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If we’re being completely honest, until recently, I’ve always been a bit jealous of my friends who had a girl first. From those first baby showers, drenched in all things pink and perfect, I was green with envy. I’d watch my friends in church with what looked like a demure little doll on their laps, thoughtfully turning the pages of a board book and wonder, “How do you get one of those?” Here I was, wrestling a very active, bouncing baby boy who never met a board book he couldn’t throw.

My boy was three before we could read together without him ripping the pages out. Everything was either a sword or a gun. He lived by one creed: if it doesn’t work, fit or agree, bite it. Are all boys like this? Little did I know I would one day have five of them.

I used to watch, a bit resentfully I might add, as those demure little dolls transformed into capable, responsible babysitters, well before puberty too. Downright helpful by the ripe old age of five. Hmmm. How very convenient for you, I’d muse as I patched yet another hole in the drywall.

My husband’s job required long hours and too much travel, so for years I felt like I was treading water all alone.  At least mowing the lawn with a baby strapped to my back kind of all alone. Keeping a crew of littles alive, day-in and day-out, solo, takes a toll.

Nights were the worst. My mind would wander into dark corners. If there were an emergency, how would I get all my babies to safety? Who would I grab first? I used to lie down in the twilight with a baseball bat in one hand, fully charged cell phone in the other, close my eyes and just breathe. Needless to say, I never slept well while my hubby was away.

And then something wonderful happened. That same book throwing biter got bigger than me. Not only bigger, but taller. Stronger. Waaay stronger. Think Spiderman the morning after he got bit. That’s when I realized: I had another man around the house!

Just like that, *snap* the tables turned. I used to snatch his little body out of busy streets, now he helps me when I foolishly trot across icy parking lots wearing heels. I used to strap him into my baby backpack and lug that heavyweight on all our family hikes. Nepalese sherpas had nothing on me. Now he’s the one wearing the very same backpack, different two-year-old. Hiking has never felt so invigorating!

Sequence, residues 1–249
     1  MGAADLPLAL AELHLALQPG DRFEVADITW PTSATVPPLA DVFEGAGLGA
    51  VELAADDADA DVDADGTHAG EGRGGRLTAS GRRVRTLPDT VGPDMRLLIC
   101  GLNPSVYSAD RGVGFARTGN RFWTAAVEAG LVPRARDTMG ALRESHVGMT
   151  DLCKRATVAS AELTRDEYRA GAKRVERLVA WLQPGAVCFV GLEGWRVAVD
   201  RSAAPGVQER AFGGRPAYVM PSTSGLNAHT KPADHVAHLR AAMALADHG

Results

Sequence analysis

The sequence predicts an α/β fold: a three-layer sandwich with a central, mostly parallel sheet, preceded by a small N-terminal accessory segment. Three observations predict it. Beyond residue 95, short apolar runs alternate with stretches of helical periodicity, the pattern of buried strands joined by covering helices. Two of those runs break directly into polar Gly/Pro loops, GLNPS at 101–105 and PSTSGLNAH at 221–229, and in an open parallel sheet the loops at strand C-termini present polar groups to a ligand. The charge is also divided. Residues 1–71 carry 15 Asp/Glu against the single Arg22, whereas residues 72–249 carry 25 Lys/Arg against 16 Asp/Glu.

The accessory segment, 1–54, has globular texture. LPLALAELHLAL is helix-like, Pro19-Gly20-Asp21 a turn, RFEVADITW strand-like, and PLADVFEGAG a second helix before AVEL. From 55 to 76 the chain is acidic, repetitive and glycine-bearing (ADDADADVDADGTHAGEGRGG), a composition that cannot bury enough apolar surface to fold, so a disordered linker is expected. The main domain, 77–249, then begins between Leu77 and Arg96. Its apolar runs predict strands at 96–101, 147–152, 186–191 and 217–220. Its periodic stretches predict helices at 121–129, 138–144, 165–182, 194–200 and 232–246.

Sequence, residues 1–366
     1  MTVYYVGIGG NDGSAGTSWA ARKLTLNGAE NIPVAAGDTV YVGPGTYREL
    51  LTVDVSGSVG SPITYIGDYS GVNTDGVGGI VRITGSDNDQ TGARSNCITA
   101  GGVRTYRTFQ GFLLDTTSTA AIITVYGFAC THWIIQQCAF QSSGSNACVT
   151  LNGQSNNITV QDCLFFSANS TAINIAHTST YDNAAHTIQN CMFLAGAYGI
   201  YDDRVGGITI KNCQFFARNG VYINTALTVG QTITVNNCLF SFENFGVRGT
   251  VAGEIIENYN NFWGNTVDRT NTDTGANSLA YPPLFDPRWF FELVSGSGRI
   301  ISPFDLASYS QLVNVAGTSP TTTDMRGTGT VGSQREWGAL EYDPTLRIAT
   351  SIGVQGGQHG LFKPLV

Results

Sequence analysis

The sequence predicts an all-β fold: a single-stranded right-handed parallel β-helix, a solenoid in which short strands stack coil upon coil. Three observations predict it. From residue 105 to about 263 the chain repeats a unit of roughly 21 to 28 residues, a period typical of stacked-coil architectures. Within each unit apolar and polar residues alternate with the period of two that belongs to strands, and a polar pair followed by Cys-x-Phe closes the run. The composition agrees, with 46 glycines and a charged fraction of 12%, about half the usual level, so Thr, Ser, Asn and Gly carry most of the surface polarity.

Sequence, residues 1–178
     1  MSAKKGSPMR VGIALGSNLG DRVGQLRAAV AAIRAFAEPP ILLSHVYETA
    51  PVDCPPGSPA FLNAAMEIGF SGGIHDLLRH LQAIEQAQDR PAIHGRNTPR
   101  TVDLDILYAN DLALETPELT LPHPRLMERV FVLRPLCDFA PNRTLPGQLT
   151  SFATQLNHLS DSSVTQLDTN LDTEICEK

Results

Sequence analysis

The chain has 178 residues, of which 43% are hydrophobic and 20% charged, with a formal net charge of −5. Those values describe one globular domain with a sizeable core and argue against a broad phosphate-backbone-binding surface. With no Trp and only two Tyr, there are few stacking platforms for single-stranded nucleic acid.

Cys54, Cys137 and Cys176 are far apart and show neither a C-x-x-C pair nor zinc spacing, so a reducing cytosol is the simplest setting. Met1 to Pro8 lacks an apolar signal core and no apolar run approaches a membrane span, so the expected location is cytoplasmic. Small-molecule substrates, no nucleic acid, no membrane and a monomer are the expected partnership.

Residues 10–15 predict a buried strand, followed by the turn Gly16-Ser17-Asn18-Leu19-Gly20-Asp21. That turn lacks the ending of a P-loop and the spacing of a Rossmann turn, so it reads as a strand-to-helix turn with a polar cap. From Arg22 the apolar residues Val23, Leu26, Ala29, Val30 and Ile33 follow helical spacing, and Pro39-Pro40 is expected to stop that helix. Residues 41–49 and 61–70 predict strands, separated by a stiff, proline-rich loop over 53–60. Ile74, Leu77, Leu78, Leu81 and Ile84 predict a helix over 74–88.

My husband called me the other day needing my help moving an extra heavy bedroom set up a large flight of stairs. Wait! Remember that massive ten-pound baby I gave birth to all those years ago? You know, the one who used to bite? He’s right here! I’ll send him over! Game changer.

My friends’ daughters may be nurturing and thoughtful, but can they heave home those 40-pound bags of water softener salt, two at a time without breaking a sweat? Exactly.

It’s not just his brute strength that make him a man worth having around. His protective instincts, the ones that used to exhaust me, (think of an unfocused, self-righteous, 60-pound vigilante) well, now they’re his best quality. Most nights, he checks on me before turning in! I can finally sleep soundly again! I wish someone would’ve told me to be more patient with that rough little boy—the wonderful man I’d eventually get was so worth the wait.

Oh, I can hear the feminists chastening me now. I am woman. I am strong! I shouldn’t need a man in my life to feel secure and settled. And they are absolutely right. I don’t need one. Personally, I’ll need five.